$10,000 in Student Loan Forgiveness: What's the Point? | US Politics | GZERO Media

Jon Lieber, head of Eurasia Group's coverage of political and policy developments in Washington, DC, shares his analysis on US politics.

Today's question, $10,000 in student loan forgiveness: what's the point?

President Biden is going to announce up to $10,000 in student loan forgiveness for people making up to $125,000 a year. This is far short of the full student loan forgiveness that progressive activists have been calling for and even short of the $50,000 that Democratic leaders had embraced and Biden was considering earlier in the year. Still, the forgiveness is estimated to provide at least some relief for the vast majority of the 40 million Americans with student loans and will entirely wipe out the obligations of up to 15 million Americans.


Biden was very slow and hesitant to make this call, struggling with the issues of fairness. Millions of Americans who have paid off their loans or benefited from their parent's savings, sometimes at great personal cost, will receive nothing from this plan. And it is estimated to cost the federal government over $300 billion, wiping out entirely the savings from the recently passed Inflation Reduction Act. It could also be challenged legally, as there has been no explicit congressional authorization to forgive the debt. And it is Congress, not the executive branch, who controls spending. Politically, there is risk of some backlash, as Republicans see the chance to point out that taxpayers are subsidizing the borrowing of college educated Americans who tend to have higher lifetime incomes and better job opportunities. But for progressive activists and young voters, these concerns do not resonate, given that they think education should be a right that is fully funded by the government.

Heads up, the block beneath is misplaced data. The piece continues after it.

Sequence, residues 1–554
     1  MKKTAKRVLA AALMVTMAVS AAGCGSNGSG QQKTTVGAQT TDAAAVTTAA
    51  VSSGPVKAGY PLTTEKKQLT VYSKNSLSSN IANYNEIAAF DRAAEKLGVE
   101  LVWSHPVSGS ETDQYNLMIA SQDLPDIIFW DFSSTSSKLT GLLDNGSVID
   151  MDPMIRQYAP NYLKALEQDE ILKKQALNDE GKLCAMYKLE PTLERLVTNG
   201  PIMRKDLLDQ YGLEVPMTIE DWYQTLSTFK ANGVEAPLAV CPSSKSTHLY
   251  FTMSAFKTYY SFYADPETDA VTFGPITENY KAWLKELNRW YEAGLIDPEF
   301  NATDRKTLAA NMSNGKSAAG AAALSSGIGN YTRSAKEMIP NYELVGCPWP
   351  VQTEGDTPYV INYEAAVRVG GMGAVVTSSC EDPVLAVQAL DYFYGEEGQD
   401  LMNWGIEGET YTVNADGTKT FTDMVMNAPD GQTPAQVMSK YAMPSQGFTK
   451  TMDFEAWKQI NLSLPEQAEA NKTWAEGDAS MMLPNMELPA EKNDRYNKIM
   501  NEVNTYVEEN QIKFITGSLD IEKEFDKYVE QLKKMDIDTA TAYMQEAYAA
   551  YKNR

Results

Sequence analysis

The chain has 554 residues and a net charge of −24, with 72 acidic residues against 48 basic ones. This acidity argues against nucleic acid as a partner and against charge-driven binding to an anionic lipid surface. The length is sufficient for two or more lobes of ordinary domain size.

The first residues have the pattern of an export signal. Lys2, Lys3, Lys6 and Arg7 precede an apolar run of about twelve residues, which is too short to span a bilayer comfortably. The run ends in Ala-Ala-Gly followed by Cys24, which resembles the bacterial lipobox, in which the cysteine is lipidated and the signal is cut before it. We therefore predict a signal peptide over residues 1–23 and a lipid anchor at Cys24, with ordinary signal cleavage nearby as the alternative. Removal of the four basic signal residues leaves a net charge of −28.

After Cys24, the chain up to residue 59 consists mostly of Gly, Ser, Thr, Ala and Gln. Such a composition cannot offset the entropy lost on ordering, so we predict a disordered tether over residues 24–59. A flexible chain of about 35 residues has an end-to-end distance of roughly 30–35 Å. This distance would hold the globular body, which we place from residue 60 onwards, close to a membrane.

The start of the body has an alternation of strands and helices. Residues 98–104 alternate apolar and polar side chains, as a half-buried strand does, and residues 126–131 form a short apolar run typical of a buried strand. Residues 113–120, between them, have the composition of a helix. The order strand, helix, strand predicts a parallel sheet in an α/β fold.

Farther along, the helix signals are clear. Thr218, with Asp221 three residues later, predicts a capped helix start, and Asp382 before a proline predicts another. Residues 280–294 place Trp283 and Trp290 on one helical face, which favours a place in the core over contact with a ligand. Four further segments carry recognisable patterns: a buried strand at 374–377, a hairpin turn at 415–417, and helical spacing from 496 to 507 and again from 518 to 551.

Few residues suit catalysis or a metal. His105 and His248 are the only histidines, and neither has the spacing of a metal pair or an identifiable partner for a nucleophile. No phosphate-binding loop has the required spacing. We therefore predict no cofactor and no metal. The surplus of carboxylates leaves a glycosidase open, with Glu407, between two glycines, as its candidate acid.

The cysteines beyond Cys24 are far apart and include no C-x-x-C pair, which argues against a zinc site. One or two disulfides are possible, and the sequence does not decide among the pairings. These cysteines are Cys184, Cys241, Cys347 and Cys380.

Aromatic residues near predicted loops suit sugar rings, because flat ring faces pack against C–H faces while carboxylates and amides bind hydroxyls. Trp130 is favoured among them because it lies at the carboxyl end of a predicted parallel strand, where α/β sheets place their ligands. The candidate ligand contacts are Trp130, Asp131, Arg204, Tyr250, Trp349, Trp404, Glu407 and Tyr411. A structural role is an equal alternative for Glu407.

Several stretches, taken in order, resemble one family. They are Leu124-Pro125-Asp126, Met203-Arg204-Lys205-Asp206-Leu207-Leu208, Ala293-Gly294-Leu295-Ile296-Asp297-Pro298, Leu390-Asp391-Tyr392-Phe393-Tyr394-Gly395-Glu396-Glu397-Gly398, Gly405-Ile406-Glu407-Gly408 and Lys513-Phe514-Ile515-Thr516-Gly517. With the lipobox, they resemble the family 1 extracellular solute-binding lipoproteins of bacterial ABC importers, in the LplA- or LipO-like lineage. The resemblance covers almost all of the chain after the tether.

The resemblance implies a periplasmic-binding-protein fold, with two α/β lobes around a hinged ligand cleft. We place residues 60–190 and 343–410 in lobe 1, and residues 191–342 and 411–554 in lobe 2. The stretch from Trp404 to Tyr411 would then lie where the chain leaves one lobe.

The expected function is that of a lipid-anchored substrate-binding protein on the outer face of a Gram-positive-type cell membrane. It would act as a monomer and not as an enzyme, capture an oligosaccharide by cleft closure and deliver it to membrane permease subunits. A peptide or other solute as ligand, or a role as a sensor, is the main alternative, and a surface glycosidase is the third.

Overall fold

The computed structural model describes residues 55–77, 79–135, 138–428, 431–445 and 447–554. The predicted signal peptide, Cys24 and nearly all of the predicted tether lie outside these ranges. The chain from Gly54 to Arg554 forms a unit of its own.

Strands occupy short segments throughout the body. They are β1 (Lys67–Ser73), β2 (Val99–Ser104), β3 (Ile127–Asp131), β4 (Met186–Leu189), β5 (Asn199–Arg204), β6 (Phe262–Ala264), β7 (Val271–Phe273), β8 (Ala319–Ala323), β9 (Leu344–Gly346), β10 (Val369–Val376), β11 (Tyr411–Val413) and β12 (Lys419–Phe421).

One issue that Biden is unlikely to address is the rising cost of a college education, which has massively outpaced inflation over the last several decades, partially driven by federal subsidies that support it. The move also introduces moral hazard that could increase future borrowing on the expectation that there will be more rounds of student loan forgiveness under future Democratic administrations. Politically, this is likely to be very popular with young voters who will disproportionately benefit from the forgiveness and get a mixed reaction from other Americans who are largely divided on the issue of student loan relief. Unfortunately for Democrats, young voters are some of the least reliable voters, and Democrats are hoping that this issue activates their base in November. Even if the forgiveness falls far short of what progressive access activists were hoping for.

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